Hondarribia Swell Statistics, April: All Swell – Any Wind
This picture illustrates the variation of swells directed at Hondarribia over a normal April. It is based on 2160 NWW3 model predictions since 2007 (values every 3 hours). The wave model does not forecast wind and surf right at the coast so we have chosen the optimum grid node based on what we know about Hondarribia. In this particular case the best grid node is 19 km away (12 miles).
The rose diagram describes the distribution of swell directions and swell sizes, while the graph at the bottom shows the same thing but lacks direction information. Five colours represent increasing wave sizes. Very small swells of less than 0.5m (1.5 feet) high are shown in blue. These were forecast only 6% of the time. Green and yellow show increasing swell sizes and largest swells greater than >3m (>10ft) are shown in red. In both graphs, the area of any colour is proportional to how frequently that size swell happens.
The diagram suggests that the dominant swell direction, shown by the largest spokes, was NW, whereas the the most common wind blows from the WNW. Because the wave model grid is away from the coast, sometimes a strong offshore wind blows largest waves away from Hondarribia and out to sea. We lump these in with the no surf category of the bar chart. To simplify things we don't show these in the rose plot. Because wind determines whether or not waves are good for surfing at Hondarribia, you can select a similar diagram that shows only the swells that were forecast to coincide with glassy or offshore wind conditions. During a typical April, swells large enough to cause clean enough to surf waves at Hondarribia run for about 94% of the time.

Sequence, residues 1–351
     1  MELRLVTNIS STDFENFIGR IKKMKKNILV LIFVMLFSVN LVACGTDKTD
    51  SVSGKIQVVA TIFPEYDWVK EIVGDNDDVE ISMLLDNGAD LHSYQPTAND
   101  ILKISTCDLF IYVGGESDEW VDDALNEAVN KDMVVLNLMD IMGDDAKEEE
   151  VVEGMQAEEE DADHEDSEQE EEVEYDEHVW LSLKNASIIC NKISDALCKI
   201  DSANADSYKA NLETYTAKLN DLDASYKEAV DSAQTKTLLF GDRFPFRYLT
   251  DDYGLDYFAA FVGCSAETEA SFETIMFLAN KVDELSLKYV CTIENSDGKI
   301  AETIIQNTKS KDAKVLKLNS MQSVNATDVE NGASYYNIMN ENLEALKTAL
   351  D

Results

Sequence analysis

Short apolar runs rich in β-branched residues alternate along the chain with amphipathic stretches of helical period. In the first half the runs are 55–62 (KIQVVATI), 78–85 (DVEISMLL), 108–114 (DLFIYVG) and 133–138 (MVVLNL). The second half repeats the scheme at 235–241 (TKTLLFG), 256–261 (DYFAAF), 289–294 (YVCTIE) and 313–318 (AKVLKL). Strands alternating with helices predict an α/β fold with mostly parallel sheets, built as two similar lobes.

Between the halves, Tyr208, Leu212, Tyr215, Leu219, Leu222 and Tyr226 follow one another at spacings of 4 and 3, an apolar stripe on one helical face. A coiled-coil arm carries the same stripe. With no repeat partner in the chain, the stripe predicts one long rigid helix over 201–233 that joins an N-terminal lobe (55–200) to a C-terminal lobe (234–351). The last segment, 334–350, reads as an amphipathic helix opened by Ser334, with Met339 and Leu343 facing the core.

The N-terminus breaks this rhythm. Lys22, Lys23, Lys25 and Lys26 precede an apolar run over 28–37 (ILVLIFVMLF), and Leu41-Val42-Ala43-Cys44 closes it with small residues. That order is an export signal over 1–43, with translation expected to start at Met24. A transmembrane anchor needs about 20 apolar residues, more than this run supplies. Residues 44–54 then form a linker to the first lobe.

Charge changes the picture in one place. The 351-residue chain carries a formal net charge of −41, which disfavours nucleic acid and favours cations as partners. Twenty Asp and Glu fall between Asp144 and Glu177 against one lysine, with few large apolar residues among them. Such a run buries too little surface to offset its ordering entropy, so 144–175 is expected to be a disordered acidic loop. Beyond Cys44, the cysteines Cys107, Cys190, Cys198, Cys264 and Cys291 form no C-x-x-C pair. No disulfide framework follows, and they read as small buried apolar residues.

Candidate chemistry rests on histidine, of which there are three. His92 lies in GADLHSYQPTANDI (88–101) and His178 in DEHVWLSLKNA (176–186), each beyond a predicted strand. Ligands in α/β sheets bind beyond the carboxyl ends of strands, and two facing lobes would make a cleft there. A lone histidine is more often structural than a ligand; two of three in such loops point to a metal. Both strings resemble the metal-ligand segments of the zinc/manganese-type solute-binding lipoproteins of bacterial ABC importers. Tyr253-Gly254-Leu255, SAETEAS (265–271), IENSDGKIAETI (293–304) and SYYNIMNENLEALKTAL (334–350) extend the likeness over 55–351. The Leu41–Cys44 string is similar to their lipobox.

IMPORTANT: Beta version feature! Swell heights are open water values from NWW3. There is no attempt to model near-shore effects. Coastal wave heights will generally be less, especially if the break does not have unobstructed exposure to the open ocean.